All she wanted was to go to her dad.
Her mother was usually as stoic as her dad, but now she sank into Karen’s arms, the bulky sack between them pushed what felt like a shoebox into their thighs. And then, Karen could no longer hold her tears back. “I know this is hard for you, honey,” her mother said.
Karen drove eight hours straight from grad school to see for herself how her father was doing. Her 1964 Beetle rattled down the highway. She was sure it would fall apart if she sped up to 60.
Seven years ago, when her parents let her pick a second-hand car as a high school graduation gift, this car’s comforting putter won her over. Now a hole under the back seat threatened to drop out the battery. She didn’t even want to think about the air-cooled engine in another Madison winter. By January her bug would be useless for getting her to class.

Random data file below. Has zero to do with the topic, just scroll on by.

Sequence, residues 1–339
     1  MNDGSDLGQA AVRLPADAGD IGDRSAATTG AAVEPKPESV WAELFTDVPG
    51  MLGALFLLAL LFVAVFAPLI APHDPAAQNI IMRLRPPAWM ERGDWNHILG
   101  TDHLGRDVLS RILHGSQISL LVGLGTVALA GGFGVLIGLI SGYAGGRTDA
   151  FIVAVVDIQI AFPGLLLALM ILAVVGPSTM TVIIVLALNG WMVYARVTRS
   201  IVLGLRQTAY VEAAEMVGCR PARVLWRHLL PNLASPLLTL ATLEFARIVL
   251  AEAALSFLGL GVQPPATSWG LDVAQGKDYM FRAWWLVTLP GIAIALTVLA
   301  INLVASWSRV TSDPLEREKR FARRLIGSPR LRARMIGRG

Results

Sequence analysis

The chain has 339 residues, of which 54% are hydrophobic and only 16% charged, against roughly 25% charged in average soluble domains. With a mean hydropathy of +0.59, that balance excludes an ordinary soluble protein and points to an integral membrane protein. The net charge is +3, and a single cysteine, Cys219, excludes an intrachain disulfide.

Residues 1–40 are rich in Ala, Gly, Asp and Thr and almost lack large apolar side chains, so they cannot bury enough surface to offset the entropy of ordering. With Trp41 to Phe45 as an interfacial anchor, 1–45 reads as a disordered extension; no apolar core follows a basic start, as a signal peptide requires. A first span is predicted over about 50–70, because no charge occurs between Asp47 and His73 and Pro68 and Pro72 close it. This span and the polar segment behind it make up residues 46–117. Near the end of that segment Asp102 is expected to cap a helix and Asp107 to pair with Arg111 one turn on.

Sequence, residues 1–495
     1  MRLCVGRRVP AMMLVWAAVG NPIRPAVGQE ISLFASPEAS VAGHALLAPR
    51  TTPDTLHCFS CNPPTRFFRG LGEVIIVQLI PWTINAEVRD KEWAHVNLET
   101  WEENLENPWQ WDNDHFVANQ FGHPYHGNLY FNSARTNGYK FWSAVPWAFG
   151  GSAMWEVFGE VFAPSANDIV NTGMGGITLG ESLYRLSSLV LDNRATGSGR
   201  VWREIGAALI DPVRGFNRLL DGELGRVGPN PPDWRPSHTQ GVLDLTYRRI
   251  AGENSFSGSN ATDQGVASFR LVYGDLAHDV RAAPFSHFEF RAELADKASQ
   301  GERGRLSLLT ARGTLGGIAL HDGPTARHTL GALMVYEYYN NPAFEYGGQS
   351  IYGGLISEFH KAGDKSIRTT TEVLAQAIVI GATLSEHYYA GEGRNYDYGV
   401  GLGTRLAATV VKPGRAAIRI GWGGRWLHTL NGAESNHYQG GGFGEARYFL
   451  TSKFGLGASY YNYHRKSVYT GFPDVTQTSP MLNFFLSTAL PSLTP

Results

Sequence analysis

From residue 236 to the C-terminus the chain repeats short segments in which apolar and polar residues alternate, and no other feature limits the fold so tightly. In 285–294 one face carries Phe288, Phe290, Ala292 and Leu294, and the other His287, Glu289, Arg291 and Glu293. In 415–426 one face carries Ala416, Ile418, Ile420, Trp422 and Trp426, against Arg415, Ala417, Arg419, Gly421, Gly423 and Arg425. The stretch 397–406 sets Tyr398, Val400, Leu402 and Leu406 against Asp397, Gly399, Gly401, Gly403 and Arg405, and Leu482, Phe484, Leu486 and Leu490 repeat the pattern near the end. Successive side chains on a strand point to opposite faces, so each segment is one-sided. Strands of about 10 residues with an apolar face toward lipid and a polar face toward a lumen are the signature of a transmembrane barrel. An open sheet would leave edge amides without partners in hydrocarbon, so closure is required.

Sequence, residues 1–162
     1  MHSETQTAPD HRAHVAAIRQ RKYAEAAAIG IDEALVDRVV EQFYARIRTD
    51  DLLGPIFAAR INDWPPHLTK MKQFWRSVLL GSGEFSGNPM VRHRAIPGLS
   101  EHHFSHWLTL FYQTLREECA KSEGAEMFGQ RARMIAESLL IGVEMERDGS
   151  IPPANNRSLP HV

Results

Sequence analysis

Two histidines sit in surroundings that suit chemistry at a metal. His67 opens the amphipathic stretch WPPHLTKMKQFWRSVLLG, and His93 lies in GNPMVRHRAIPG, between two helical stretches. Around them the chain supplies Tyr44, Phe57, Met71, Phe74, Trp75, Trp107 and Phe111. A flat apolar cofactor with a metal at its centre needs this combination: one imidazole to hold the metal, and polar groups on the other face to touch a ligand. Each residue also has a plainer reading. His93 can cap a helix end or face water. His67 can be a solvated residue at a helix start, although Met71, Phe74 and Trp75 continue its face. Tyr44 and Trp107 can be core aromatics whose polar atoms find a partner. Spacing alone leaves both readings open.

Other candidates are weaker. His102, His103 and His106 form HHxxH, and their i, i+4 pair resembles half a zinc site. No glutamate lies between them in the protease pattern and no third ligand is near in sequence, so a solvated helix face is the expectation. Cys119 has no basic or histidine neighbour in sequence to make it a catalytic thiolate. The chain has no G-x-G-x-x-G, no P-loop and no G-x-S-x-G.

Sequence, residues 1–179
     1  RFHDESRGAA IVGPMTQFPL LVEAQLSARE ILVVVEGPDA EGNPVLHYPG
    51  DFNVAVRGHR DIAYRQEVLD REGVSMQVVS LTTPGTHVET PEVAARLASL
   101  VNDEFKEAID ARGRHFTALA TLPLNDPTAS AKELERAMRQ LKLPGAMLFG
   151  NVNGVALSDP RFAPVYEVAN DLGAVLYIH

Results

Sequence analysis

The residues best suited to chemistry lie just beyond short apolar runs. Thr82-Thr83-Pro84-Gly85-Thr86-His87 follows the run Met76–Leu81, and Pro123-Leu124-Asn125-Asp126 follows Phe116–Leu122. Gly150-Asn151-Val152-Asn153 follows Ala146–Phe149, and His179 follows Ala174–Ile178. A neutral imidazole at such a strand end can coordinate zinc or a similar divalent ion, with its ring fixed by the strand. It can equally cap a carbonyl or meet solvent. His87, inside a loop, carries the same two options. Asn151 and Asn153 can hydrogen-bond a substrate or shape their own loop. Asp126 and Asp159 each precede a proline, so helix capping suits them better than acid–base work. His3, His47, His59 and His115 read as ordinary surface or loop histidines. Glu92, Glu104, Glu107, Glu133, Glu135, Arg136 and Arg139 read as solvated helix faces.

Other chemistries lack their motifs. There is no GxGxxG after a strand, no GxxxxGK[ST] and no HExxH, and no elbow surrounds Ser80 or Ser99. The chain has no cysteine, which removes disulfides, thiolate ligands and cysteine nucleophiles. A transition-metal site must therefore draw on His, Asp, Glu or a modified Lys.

When Karen entered her father’s room in the oncology wing she called a hello but he didn’t answer her. His perpetual stinging ind…